As shown in FIG. 1, with the apparatus 16 in the deployed position, the cradle 20 is essentially below the bottom of the swim platform 14, and partially below the water line 73 (FIGS. 6-9) so that the dinghy 18 may be simply floated transversely into or out of the cradle 20. As shown in FIG. 1, with the cradle 20 swung to its deployed position, the pivot arms 30 are swung to their lower position so as to space the cradle rearwardly behind the swim platform 14. Although the sequence of movements of the various parts of the apparatus 16 will be described in more detail below, a brief description is appropriate at this point. Assuming that the dinghy 18 has been floated into the cradle 20, the user pulls on the line 70, thereby applying an upwardly and forwardly directed force on the hinge bar 28. This force causes the hinge bar 28, and thus the outer ends of the pivot arms 30 and the forward end of the cradle 20 to swing upwardly and forwardly until the forward end of the cradle 20 is positioned immediately above the swim platform 14. Near the end of this motion as the forward end of the cradle moves down toward the top of the swim platform 14, the pivot limiter arm 26 engages the pivot arms 30 to limit movement of the cradle 20 and, during the final stage of this motion the protective rubber bushings 55 engage the top of the swim platform 14. Thus, as shown in FIG. 2, it may be appreciated that in the storage position, the dinghy 18 is disposed essentially horizontally, and a substantial amount of the weight of the dinghy 18 and cradle 20 is transmitted via arm 26 and pivot arms 30 to the mounting flanges 46. In order to move the rear or trailing end of the cradle upwardly so as to lift the dinghy above the water line, the user draws in line 68, thus causing the trailing end of the cradle 20 to swing upwardly about a pivot axis established by the stabilizer bar 42.
From the foregoing description, it may be appreciated that the pivot arms 30 and the pivotal connections established by the stabilizer bar 42 and hinge bar 28 provide an over-center mechanism such that when the forward side of the cradle 20 is pivoted upwardly and forwardly from the position shown in FIG. 1 to the position shown in FIG. 2, the hinge bar travels over-center to the stable position shown in FIG. 2.
The above-described movements may be better appreciated from FIGS. 6-9. As shown in FIG. 6, the dinghy 18 has been floated into the cradle 22, such that the forward and trailing ends of the arms 22 contact and tend to capture the side wall tubes 72 of the dinghy 18. In this position, the straight sections of the pivot arms 30 may be seen to extend rearwardly so as to space the cradle 20 somewhat rearwardly from the swim platform 14. The next step in the process from shifting the cradle 20 from the deployed to the storage position involves drawing in the line 70 which pulls the hinge bar upwardly and forwardly so that the forward end of the cradle 20 likewise moves upwardly above the water level into partially overlapping relationship to the top of the swim platform 14. It should also be noted here that, depending upon the loading of the dinghy 18, the movement shown in FIGS. 7 and 8 may be simply effected by simply grasping the cross bar 25 and pulling it upwardly and forwardly, thus eliminating the need for drawing in the line 70 to produce this effect. Finally, as shown in FIG. 9, the rear end, e.g., crossbar 24 is pulled forwardly via the line 68, causing the cradle 20 to pivot about the stabilizer bar 42 to an over-center position so as to tilt the rear end of the cradle 20 out of the water, thus shifting the entire weight of the cradle 20 and the dinghy 18 onto the swim platform 14. In those cases where it is desired to minimize the rearward extension of the apparatus 16 and it is not necessary to maintain the dinghy 18 in a level or horizontal position or the dinghy is absent, the cradle 20 may be swung to an essentially vertical storage position as shown in FIG. 10 and then forwardly as shown in FIG. 11, so that the forward end of the cradle arms and the cross bar 25 rest on top of the swim platform 14. This feature further minimizes the rearward displacement of the apparatus 16, thus permitting the boat 10 to be backed closer to docks and the like.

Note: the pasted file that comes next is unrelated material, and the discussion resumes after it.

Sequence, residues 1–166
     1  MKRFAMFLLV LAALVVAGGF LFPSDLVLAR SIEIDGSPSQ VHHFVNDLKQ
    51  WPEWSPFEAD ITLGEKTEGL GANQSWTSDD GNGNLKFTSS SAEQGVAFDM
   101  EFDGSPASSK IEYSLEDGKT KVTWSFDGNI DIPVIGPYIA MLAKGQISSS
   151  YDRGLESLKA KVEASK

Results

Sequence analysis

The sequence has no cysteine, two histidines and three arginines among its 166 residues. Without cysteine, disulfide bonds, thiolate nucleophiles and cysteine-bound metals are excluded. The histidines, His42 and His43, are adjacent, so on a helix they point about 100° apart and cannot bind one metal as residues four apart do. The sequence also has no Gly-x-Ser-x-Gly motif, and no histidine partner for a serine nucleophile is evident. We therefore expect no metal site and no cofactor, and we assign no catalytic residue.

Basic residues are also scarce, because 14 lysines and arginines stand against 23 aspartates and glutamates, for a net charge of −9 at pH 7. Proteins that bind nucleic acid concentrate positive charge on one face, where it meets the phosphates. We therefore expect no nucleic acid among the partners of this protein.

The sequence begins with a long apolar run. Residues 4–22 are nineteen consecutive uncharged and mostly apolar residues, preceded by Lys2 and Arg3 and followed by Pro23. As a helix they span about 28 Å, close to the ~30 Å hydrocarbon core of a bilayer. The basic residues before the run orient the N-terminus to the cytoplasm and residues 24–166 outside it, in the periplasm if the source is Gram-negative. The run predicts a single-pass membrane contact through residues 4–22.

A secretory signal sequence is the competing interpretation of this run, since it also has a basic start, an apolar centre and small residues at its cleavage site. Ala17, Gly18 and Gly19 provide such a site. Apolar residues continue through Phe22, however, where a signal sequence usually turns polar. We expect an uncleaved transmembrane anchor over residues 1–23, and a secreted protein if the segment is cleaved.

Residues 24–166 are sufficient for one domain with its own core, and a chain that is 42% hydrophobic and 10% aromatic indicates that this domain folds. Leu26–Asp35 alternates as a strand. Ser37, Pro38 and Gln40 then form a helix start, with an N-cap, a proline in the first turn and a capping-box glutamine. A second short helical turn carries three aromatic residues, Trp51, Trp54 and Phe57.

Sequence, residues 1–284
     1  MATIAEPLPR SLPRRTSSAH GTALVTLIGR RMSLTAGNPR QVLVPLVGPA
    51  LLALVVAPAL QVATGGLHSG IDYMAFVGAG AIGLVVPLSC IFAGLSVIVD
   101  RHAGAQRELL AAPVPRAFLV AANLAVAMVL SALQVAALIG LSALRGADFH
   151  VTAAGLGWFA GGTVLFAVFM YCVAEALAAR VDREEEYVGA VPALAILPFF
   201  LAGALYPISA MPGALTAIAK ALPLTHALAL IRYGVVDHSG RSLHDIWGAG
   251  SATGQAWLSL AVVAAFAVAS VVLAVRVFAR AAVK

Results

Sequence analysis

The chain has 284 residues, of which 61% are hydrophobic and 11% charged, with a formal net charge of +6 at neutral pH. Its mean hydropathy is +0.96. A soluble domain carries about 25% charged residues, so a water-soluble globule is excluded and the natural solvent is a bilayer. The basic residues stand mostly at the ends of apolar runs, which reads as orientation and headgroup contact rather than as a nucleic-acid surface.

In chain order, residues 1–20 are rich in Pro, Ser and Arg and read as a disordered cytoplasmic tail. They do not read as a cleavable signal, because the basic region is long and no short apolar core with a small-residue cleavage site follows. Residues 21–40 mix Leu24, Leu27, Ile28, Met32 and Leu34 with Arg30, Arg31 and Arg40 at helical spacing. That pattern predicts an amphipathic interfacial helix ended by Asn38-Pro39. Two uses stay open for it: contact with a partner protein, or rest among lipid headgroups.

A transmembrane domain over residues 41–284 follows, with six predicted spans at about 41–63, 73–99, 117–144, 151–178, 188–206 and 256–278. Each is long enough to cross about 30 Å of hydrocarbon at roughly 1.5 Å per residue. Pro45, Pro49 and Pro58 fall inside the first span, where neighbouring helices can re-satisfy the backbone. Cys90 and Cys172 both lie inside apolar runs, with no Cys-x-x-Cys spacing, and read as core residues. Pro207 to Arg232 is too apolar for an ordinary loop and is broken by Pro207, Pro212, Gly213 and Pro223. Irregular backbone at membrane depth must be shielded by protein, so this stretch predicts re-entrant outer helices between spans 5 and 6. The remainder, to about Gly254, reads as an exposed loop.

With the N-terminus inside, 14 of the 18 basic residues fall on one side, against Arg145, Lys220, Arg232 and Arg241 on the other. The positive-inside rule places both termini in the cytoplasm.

From the foregoing, it may be appreciated that the apparatus of the present invention not only provides for the reliable accomplishment of the objects of the invention but does so in a particularly simple and effective manner. It is recognized, of course, that those skilled in the art may make various modifications or additions to the preferred embodiment chosen to illustrate the invention without departing from the spirit and scope of the present contribution to the art. For example, the apparatus of the present invention may be mounted directly on the transom 14 simply by means of a suitable pair of rearwardly extending, transversely spaced adapter brackets (not shown) which are secured directly to the transom 12. Accordingly, it is to be understood that the protection sought and to be afforded hereby should be deemed to extend to the subject matter claimed and all equivalents thereof fairly within the scope of the invention.